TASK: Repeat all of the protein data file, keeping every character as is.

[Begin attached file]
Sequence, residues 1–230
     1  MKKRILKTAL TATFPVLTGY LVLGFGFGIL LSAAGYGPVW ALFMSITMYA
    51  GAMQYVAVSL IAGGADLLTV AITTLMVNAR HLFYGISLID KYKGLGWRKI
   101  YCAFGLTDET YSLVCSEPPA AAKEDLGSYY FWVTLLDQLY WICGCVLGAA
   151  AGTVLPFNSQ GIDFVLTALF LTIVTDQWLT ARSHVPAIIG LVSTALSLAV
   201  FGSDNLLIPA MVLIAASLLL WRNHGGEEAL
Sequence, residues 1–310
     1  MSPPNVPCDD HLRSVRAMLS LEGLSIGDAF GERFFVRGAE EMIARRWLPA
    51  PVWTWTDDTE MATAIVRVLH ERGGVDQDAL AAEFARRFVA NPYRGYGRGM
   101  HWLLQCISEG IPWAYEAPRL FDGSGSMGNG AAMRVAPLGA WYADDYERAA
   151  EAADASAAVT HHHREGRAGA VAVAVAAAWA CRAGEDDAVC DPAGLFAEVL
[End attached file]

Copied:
Sequence, residues 1–230
     1  MKKRILKTAL TATFPVLTGY LVLGFGFGIL LSAAGYGPVW ALFMSITMYA
    51  GAMQYVAVSL IAGGADLLTV AITTLMVNAR HLFYGISLID KYKGLGWRKI
   101  YCAFGLTDET YSLVCSEPPA AAKEDLGSYY FWVTLLDQLY WICGCVLGAA
   151  AGTVLPFNSQ GIDFVLTALF LTIVTDQWLT ARSHVPAIIG LVSTALSLAV
   201  FGSDNLLIPA MVLIAASLLL WRNHGGEEAL
Sequence, residues 1–310
     1  MSPPNVPCDD HLRSVRAMLS LEGLSIGDAF GERFFVRGAE EMIARRWLPA
    51  PVWTWTDDTE MATAIVRVLH ERGGVDQDAL AAEFARRFVA NPYRGYGRGM
   101  HWLLQCISEG IPWAYEAPRL FDGSGSMGNG AAMRVAPLGA WYADDYERAA
   151  EAADASAAVT HHHREGRAGA VAVAVAAAWA CRAGEDDAVC DPAGLFAEVL